- U.S. Consumer Price Index (CPI) to Climb to Annualized 1.8%- First Uptick Since February.
- Core Rate of Inflation to Hold Steady at 1.7% per Annum.
Trading the News: U.S. Consumer Price Index (CPI)
An uptick in the U.S. Consumer Price Index (CPI) may stoke a near-term pullback in EUR/USD as signs of rising inflation puts pressure on the Federal Open Market Committee (FOMC) to further normalize monetary policy in 2017.
Why Is This Event Important:
Even though Fed Fund Futures largely price a 50% probability for a move in December, Chair Janet Yellen and Co. may stay on course to deliver three rate-hikes in 2017 as central bank officials expect to achieve the 2% target for inflation over the policy horizon. In turn, the FOMC may endorse a more aggressive approach at the next interest rate decision on September 20 especially as the FOMC ‘expects to begin implementing its balance sheet normalization program relatively soon.’
However, another dismal development may spark a bearish reaction in the greenback as it encourages the Fed to preserve the current policy throughout the remainder. As a result, the U.S. dollar may continue to exhibit a bearish behavior over the coming months if they key data prints coming out of the real economy drag on interest-rate expectations.
Impact that the U.S. CPI report has had on EUR/USD during the previous print
(1 Hour post event )
(End of Day post event)
07/14/2017 12:30:00 GMT
June 2017 U.S. Consumer Price Index (CPI)
EUR/USD 5-Minute Chart
The U.S. Consumer Price Index (CPI) slowed to an annualized 1.6% from 1.9% in May, while the core rate of inflation held steady at 1.7% for the second consecutive month. A deeper look at the report showed the weakness was led by a 1.6% decline in energy prices, with transportation costs narrowing 0.7% in June, while prices for food & beverages held flat during the same period. The greenback lost ground following the weaker-than-expected CPI report, with EUR/USD climbing above the 1.1450 region to end the day at 1.1465.
How To Trade This Event Risk(Video)
Bullish USD Trade: Headline and Core Inflation Picks Up in July
- Need a red, five-minute candle following the print to consider a short EUR/USD trade.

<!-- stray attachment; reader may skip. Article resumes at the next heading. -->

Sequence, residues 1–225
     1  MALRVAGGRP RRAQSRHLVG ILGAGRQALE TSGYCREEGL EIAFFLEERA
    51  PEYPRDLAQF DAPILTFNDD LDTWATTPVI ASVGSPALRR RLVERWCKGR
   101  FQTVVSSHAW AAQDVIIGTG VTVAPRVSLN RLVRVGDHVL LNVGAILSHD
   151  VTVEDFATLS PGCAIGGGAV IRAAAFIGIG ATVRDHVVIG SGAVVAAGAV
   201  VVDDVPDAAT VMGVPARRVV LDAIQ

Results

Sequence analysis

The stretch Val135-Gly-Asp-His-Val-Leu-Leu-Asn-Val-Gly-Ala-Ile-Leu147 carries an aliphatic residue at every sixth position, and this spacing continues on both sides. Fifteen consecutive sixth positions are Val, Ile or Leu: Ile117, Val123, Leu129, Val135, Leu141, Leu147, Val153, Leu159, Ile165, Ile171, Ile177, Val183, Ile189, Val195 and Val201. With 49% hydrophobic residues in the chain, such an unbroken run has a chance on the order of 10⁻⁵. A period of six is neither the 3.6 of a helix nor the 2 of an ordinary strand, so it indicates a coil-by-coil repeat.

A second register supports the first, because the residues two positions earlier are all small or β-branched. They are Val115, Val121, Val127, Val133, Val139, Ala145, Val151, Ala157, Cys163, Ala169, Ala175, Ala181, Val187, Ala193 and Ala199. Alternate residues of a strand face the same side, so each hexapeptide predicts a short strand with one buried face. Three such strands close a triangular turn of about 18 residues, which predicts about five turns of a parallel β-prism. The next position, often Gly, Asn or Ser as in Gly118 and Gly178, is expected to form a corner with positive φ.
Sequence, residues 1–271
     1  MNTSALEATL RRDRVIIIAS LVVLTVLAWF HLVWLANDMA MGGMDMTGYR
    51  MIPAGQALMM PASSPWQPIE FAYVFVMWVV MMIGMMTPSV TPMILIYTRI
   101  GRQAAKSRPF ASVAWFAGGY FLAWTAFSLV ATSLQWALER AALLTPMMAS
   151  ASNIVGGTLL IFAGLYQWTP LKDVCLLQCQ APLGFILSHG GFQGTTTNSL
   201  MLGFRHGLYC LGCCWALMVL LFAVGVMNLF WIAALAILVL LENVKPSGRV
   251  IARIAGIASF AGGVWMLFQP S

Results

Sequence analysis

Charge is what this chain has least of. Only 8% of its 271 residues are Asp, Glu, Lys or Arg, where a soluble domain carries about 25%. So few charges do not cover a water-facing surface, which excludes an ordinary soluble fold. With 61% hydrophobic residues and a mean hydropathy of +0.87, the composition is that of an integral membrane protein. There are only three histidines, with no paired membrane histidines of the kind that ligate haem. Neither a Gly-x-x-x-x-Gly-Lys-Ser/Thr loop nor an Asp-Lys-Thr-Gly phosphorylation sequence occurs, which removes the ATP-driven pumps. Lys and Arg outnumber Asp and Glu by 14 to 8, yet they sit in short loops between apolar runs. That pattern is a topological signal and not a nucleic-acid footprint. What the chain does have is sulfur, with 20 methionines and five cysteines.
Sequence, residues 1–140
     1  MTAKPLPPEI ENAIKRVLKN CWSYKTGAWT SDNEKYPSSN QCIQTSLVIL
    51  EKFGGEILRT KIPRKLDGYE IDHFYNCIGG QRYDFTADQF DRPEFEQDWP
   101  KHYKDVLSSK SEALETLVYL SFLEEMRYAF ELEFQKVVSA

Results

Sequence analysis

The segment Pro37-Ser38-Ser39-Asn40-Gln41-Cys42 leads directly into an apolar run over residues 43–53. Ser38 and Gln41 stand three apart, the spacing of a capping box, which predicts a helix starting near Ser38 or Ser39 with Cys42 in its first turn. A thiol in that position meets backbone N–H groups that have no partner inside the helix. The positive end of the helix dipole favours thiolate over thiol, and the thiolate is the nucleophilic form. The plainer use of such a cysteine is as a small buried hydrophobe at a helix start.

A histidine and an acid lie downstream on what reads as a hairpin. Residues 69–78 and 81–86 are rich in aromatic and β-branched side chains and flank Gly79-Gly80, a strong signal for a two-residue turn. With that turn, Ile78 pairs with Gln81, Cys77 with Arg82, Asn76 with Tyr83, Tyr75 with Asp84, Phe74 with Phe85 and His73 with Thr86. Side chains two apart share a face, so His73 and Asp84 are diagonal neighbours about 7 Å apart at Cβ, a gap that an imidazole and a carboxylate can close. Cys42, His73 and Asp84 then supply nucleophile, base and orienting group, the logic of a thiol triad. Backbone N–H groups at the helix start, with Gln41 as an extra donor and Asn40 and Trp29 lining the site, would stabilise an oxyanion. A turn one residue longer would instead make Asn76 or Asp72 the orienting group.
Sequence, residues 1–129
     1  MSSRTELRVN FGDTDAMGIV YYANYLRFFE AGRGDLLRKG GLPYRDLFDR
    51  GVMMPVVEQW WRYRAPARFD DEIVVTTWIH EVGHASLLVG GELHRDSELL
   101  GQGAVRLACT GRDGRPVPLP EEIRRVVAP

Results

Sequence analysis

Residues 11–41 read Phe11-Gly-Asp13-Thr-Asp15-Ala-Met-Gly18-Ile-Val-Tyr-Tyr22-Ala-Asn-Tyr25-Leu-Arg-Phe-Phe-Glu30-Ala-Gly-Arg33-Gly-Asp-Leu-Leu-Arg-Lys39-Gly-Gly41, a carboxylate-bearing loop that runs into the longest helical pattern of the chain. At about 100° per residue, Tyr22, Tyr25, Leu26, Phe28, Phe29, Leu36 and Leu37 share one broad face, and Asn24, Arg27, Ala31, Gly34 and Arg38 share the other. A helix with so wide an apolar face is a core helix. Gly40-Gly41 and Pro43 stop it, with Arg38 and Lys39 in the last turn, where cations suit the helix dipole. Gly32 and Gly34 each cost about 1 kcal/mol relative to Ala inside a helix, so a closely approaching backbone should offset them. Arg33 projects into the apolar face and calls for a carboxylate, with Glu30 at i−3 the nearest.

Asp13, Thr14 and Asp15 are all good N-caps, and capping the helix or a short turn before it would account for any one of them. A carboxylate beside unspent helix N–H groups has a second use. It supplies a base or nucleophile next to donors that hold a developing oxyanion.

- If the market reaction favors a bullish dollar position, sell EUR/USD with two separate lots.
- Set stop at the near-by swing high/reasonable distance from entry; look for at least 1:1 risk-to-reward.
- Move stop to breakeven on remaining position once initial target is met, set reasonable limit.
Bearish USD Trade: CPI Report Falls Short of Market Forecasts
- Need a green, five-minute EUR/USD candle to consider a short dollar trade.
- Implement the same approach as the bullish dollar position, just in the opposite direction.
Potential Price Targets For The Release
EUR/USD Daily Chart
Chart - Created Using Trading View
- The failed attempt to fill in the gap from January-2015 (1.2000 down to 1.1955) may generate a near-term pullback in EUR/USD especially as the Relative Strength Index (RSI) comes off of overbought territory, but the broader outlook remains constructive as both price & the momentum indicator preserve the bullish formations from earlier this year.
- Lack of momentum to push below the 1.1670 (50% retracement) hurdle may spark a move back towards the monthly-high (1.1910) as a bull-flag formation unfolds.
- Interim Resistance: 1.1960 (38.2% retracement) to 1.2042 (July 2012-low)
- Interim Support: 1.0980 (78.6% retracement) to 1.1000 (38.2% expansion)
EUR/USD Retail Sentiment
Retail trader data shows 28.2% of traders are net-long EUR/USD with the ratio of traders short to long at 2.55 to 1. In fact, traders have remained net-short since April 18 when EUR/USD traded near 1.06524; price has moved 10.5% higher since then. The number of traders net-long is 5.0% higher than yesterday and 5.0% lower from last week, while the number of traders net-short is 0.8% lower than yesterday and 6.0% lower from last week.
--- Written by David Song, Currency Analyst
To contact David, e-mail firstname.lastname@example.org. Follow me on Twitter at @DavidJSong.
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